Podcasts in Natural Sciences
Not all that long ago astronomers thought the pursuit of designing and building gamma-ray telescopes was a fool’s errand. Not only was that thinking incorrect, but these instruments have ultimately changed our entire view of the cosmos.
Attempts to understand the origins of the Universe's cosmic rays are woven into the story of astronomy for the last hundred years, but we've only recently acquired the data that may bring the mystery of cosmic rays to a close.
In this iteration of our podcast series Your Universe Today, I spoke with Stanford University physicist Stephan Funk about the history and mystery of Cosmic Rays.
In today's Your Universe Today podcast series, we take a look at the latest experiments being developed by radioastronomers and what the future of the field may hold.
In this podcast, Dr. Matthew Lister shares with us some of the most fascinating facts about quasars and other black hole systems.
Will man ever walk on the surface of Mars? While in some ways, a trip to the Red Planet may not seem all that different from a trip to the Moon, the factors and contingencies that have to be planned for and calculated are far greater and vastly more complex.
In previous podcasts we discussed the modern dark matter problem and how we search for this mysterious substance. But what exactly is dark matter and where will future research take us?
One of the defining characteristics of dark matter is that it does not interact with light. But these electromagnetic interactions are how we traditionally conduct astronomical research – which begs the question, how do we search for dark matter?
Ever since astronomers began to grasp just how massive the cosmos really is, the question of whether there might be life beyond Earth has fascinated scientists and captured the popular imagination. Yet, while the staggering vastness of our universe may increase the chances that there could be life out there somewhere, it also makes the search for alien life akin to looking for a needle in a cosmic haystack.
How did Earth form? For centuries, this question has both puzzled and inspired astronomers. But as we have begun to understand the nature of stars and their formation, we’ve also developed and explored theories about how this process gives rise to planets.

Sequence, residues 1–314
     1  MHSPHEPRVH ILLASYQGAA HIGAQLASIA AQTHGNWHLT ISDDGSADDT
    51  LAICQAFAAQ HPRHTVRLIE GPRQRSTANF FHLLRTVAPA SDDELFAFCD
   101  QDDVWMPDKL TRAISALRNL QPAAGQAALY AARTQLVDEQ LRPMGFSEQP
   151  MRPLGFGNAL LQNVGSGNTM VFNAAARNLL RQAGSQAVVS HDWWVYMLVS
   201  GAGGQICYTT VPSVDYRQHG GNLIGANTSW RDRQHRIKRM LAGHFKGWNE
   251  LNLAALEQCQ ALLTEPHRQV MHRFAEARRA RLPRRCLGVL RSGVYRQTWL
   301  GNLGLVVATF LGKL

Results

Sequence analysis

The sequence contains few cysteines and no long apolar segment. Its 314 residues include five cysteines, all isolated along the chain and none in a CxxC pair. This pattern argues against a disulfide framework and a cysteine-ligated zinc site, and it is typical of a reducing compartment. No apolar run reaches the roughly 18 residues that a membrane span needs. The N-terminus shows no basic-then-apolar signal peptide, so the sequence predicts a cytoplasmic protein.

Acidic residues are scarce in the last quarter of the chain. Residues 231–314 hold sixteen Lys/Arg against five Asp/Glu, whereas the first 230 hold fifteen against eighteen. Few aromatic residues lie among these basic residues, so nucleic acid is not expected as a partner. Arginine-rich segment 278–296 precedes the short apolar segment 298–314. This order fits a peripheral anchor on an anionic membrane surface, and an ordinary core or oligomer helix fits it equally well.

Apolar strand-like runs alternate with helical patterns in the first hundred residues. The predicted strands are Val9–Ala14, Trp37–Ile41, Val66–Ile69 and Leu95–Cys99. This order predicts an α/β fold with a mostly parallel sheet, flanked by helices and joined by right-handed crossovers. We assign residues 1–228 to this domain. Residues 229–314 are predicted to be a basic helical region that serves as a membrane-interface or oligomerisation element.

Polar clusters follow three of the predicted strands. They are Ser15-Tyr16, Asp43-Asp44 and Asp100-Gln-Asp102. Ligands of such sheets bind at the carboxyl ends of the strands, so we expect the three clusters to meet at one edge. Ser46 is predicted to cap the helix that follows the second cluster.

When most people think of a black hole, they tend to envision it as sort of cosmic vacuum cleaner, slowly sucking in and devouring everything in its vicinity. But are black holes really like this? And what would happen if you fell into a black hole? What about a cockroach? What would happen if our Sun suddenly turned into a black hole?
Only a couple decades ago, the mere idea of supermassive black holes – those that are millions or billions of times more massive than our sun – seemed unthinkable to most astronomers. Now, however, we believe that these enormous objects lie at the center of nearly every galaxy in the Universe.
In 1998 scientists measuring the expansion of the Universe made a startling discovery: the expansion is actually accelerating. Prior to this point, researchers had long believed that the influence of gravity would eventually cause the expansion of the Universe to slow down.
In this special edition of redOrbit’s Your Universe Today podcast series, we’re making a minor departure from our usual talks about the frontiers of space exploration. Instead, we’ve decided to take a look back at the history of our world – from outer space of course.
Word of the Day
- A murmuring sound; a rushing or whistling sound, like that of the wind; a deep sigh.
- A gentle breeze; a waft; a breath.
- Any rumor that engages general attention.
- A cant or whining mode of speaking, especially in preaching or praying; the chant or recitative characteristic of the old Presbyterians in Scotland.
- To make a rushing, whistling, or sighing sound; emit a hollow murmur; murmur or sigh like the wind.
- To breathe in or as in sleep.
- To utter in a whining or monotonous tone.
According to the OED, from the 16th century, this word is 'almost exclusively Scots and northern dialect until adopted in general literary use in the 19th.'